Blasts in Egypt’s North Sinai

Bombs planted in police officers’ houses in Arish, in Egypt’s North Sinai region, wounding three officers and five civilians

Photo by: Reuters
Photo by: Reuters

Updated Jul 28, 2015

Explosions ripped through houses belonging to police officers in Arish in Egypt’s North Sinai on Sunday, killing at least three policemen and wounding five civilians.

Arish is the provincial capital of the North Sinai region. Security and medical sources have confirmed the number of wounded people.

According to el-Watan newspaper, the injuries are largely serious. The injured policemen and civilians are currently receiving medical attention in al-Arish General Hospital.

Armed militants planted two bombs in two adjacent houses, both belonging to and inhabited by police personnel, security sources said. The explosions led to the collapse of large parts of the homes.

Egypt has faced a Sinai-based armed insurgency which has killed hundreds of policemen and soldiers since the army toppled deposed president Mohamed Morsi, who belonged to the Muslim Brotherhood.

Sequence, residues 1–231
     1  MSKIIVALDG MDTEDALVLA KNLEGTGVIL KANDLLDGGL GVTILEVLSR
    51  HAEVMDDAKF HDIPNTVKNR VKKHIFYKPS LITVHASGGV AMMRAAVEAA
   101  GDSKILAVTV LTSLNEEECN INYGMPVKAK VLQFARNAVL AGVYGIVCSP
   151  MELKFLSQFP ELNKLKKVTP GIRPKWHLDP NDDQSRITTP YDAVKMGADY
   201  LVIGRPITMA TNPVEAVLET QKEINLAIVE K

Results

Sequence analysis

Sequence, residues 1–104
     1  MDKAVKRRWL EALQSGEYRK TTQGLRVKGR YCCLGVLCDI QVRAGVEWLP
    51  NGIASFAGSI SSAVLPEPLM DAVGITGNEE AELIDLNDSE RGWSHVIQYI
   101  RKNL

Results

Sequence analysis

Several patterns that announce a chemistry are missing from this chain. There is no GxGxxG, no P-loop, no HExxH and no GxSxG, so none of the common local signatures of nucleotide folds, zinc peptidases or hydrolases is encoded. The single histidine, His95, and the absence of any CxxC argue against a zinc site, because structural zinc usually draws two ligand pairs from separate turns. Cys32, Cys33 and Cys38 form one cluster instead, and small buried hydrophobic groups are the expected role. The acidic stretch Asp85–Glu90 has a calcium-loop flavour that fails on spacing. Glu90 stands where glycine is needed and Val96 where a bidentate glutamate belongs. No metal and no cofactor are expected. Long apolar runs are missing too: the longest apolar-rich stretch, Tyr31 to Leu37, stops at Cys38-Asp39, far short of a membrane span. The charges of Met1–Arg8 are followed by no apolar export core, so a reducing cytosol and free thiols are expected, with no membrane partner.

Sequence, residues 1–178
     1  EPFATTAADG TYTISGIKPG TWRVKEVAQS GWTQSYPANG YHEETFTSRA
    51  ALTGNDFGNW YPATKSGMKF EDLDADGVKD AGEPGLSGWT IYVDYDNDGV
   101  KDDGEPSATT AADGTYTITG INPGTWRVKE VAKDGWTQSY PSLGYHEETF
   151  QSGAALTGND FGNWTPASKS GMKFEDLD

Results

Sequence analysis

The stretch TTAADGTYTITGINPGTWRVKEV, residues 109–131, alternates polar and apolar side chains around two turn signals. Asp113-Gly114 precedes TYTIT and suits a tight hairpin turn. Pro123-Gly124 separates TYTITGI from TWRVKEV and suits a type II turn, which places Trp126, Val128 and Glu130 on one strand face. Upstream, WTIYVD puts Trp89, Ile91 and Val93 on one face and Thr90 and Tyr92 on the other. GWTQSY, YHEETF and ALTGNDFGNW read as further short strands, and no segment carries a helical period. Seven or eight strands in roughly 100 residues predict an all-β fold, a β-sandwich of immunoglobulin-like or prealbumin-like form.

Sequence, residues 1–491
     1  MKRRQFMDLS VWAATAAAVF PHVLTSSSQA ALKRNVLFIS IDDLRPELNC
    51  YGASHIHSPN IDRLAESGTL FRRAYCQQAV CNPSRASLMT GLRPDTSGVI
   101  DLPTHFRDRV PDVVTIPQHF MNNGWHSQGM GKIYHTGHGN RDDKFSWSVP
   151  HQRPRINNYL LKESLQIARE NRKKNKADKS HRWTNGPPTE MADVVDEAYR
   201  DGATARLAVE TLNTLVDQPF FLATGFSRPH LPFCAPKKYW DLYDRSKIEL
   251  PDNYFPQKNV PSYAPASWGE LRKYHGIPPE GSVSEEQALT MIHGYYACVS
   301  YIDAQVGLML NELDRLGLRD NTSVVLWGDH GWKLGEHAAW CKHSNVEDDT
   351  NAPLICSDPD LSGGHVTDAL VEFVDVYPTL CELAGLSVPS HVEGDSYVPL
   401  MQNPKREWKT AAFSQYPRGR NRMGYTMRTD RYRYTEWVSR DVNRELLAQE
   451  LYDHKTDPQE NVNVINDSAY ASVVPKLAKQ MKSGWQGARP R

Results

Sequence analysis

The success of Egyptian military counter-terrorism operations in the Sinai has been highly questionable, with attacks frequently continuing to occur. As a result, a curfew has been imposed in the area since last October. That was the month that also witnessed the Karm Al Quadis incident, when 32 Egyptian soldiers in Sheikh Zwayed were killed.

Ansar Bait Al Maqdis, an ISIS affiliate in the Sinai, posted a video claiming responsibility for the attack and showing it in graphic detail.

The Egyptian government has blacklisted the Muslim Brotherhood as a terrorist group. However, it recently removed the Palestinian resistance group Hamas, which traces its roots back to the Muslim Brotherhood, from its terror list. The government doesn’t differentiate armed groups operating in the Sinai from the Muslim Brotherhood.

Morsi was elected as Egypt’s president in June 2012, making him Egypt’s first democratically elected leader. Cairo’s Criminal Court sentenced him to death for breaking out of jail in 2011, despite deciding to revise a previous death sentence for espionage down to 25 years in prison.

All the verdicts are vulnerable to court appeals, which could lead to reduced sentencing. Morsi is still on trial for one more case involving accusations of espionage and disclosing secrets to the state of Qatar.

TRTWorld and agencies